Washington D.C. Turning Public Housing Over to Resident Owners

A welfare mother of five who organized a housing complex sparks a national trend

On a sunny day in October, Kimi Gray was handed a gold key in a celebration marking the first time in U.S. history that public-housing residents could become the owners of their homes. To her, it was an occasion rich with meaning. "Poor people," she says, "are allowed the same dreams as everyone else." The event was a significant step in a revolution that has been moving through more than a dozen public-housing projects across America for 15 years. In these complexes, tenants have balked at the notion that poverty means helplessness, and are taking over the management of their housing.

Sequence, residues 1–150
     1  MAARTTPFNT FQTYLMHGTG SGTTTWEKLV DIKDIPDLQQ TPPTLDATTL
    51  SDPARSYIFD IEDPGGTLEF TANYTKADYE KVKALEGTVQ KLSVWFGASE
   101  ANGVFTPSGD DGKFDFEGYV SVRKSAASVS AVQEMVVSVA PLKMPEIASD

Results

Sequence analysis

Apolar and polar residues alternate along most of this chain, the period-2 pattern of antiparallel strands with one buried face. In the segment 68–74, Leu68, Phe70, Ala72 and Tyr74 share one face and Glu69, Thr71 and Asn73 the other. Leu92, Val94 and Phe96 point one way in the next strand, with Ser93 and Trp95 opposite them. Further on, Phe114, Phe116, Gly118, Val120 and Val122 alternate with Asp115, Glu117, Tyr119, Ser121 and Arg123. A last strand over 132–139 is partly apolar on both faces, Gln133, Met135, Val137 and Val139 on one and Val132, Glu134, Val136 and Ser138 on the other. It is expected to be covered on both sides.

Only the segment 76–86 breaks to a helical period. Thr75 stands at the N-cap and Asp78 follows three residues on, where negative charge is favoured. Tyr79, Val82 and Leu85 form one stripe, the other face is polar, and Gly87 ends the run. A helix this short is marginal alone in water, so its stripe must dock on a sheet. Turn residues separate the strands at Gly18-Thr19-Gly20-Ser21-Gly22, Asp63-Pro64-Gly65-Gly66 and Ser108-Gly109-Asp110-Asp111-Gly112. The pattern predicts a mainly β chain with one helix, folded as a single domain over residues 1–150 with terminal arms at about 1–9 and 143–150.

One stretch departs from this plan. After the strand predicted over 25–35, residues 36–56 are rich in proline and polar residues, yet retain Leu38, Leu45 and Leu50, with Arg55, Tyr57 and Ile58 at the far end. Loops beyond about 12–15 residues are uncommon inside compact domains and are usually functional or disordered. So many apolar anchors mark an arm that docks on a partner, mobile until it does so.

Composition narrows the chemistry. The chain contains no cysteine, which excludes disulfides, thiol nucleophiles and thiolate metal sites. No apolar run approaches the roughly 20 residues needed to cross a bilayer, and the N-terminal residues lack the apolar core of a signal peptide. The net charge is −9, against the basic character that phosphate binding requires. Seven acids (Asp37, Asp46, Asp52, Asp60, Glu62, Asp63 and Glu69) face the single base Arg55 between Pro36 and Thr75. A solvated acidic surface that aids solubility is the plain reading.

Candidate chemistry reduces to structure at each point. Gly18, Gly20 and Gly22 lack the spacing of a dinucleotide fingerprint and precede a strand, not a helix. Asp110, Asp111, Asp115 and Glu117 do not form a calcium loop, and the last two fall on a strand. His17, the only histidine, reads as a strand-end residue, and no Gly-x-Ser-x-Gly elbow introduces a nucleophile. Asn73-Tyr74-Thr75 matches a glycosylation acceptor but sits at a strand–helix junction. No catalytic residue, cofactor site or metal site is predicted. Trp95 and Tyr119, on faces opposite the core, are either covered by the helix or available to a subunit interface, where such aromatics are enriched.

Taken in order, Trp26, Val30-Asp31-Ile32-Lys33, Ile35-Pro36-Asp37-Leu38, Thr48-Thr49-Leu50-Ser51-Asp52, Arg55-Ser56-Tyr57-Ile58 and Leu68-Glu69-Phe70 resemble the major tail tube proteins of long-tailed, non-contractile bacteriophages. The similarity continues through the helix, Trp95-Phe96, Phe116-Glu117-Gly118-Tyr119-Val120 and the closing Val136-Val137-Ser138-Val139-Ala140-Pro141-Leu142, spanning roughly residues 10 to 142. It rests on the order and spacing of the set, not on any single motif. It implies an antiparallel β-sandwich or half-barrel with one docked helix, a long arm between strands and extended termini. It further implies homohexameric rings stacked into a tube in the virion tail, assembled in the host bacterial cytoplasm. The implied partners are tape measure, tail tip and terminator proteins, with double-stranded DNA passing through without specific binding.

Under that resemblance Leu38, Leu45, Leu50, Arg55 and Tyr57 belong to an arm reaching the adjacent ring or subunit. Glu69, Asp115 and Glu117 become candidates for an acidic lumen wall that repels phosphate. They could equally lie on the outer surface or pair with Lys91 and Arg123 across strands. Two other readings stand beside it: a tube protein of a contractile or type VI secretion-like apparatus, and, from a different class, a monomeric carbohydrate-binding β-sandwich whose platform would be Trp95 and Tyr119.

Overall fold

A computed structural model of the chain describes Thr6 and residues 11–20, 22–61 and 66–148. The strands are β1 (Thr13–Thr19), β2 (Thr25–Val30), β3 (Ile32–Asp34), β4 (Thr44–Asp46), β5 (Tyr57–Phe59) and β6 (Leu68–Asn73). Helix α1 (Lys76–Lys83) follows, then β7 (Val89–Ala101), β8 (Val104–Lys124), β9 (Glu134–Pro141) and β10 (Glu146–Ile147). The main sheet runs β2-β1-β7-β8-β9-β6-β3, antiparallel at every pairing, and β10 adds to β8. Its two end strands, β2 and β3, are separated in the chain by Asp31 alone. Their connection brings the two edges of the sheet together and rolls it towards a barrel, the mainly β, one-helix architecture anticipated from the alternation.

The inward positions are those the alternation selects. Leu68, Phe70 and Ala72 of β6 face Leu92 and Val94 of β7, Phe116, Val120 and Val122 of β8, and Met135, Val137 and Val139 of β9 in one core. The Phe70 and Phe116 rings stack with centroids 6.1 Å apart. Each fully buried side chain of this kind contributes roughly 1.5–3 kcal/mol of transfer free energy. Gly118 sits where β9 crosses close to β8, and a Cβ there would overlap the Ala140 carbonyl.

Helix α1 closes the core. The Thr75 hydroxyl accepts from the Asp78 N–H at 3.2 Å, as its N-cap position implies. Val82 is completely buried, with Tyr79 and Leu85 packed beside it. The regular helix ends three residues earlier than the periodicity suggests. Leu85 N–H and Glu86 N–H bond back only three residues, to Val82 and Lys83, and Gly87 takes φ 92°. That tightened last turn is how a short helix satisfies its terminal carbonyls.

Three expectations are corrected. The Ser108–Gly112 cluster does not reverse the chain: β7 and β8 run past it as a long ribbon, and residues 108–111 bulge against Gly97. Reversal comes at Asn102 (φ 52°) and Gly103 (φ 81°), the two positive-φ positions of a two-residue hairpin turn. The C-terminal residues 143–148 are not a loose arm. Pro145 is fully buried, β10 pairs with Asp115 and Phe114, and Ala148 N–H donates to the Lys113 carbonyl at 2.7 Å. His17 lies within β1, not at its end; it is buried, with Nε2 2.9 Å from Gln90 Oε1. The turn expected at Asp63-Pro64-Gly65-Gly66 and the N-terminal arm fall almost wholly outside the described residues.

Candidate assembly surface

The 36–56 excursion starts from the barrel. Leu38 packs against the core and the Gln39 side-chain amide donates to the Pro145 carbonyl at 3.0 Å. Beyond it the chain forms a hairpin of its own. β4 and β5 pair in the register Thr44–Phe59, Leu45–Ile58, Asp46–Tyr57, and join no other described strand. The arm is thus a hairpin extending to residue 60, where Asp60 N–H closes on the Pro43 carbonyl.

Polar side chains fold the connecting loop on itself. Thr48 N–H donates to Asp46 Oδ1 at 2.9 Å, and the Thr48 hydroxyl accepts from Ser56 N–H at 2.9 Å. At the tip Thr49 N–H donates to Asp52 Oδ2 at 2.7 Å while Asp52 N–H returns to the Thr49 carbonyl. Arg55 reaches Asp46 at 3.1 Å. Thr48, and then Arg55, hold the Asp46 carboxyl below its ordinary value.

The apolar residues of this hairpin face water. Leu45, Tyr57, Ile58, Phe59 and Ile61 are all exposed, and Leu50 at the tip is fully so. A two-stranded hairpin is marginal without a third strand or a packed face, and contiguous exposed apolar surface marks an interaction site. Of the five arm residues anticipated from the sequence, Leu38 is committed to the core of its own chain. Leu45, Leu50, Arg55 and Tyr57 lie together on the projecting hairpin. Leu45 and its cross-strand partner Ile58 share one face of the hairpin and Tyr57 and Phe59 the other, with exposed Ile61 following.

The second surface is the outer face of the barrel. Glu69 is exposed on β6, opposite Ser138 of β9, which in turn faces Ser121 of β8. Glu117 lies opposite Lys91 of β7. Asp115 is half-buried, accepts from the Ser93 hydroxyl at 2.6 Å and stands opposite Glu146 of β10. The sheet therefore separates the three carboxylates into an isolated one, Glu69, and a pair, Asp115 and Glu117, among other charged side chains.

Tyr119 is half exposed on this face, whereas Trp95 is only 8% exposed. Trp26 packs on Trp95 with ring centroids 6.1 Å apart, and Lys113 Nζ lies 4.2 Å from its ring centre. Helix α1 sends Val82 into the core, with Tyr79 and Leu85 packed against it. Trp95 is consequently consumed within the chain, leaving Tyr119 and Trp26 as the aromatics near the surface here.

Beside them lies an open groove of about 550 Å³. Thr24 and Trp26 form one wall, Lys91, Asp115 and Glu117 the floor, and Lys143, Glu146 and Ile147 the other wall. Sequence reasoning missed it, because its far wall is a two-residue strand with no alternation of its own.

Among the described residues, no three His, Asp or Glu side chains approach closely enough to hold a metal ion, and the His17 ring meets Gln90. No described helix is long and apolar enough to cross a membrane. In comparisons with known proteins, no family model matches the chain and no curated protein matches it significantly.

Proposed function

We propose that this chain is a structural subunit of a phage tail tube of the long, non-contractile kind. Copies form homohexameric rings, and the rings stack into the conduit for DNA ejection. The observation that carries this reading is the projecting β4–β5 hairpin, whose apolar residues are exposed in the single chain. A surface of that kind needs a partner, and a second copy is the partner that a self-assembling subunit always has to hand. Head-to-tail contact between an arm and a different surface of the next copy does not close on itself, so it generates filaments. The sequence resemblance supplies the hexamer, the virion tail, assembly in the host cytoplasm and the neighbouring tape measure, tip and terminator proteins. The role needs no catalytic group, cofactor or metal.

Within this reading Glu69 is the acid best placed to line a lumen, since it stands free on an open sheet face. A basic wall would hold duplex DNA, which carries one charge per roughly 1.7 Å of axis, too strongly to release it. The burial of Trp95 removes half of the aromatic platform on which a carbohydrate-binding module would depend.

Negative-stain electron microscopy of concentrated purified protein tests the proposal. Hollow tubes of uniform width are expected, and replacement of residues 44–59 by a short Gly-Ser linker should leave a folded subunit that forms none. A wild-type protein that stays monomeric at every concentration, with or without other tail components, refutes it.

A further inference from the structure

...

Want the full story?

Subscribe Now

Subscribe
Subscribe

Get TIME the way you want it

  • One Week Digital Pass — $4.99
  • Monthly Pay-As-You-Go DIGITAL ACCESS$2.99
  • One Year ALL ACCESSJust $30!   Best Deal!
    Print Magazine + Digital Edition + Subscriber-only Content on TIME.com

Learn more about the benefits of being a TIME subscriber

If you are already a subscriber sign up — registration is free!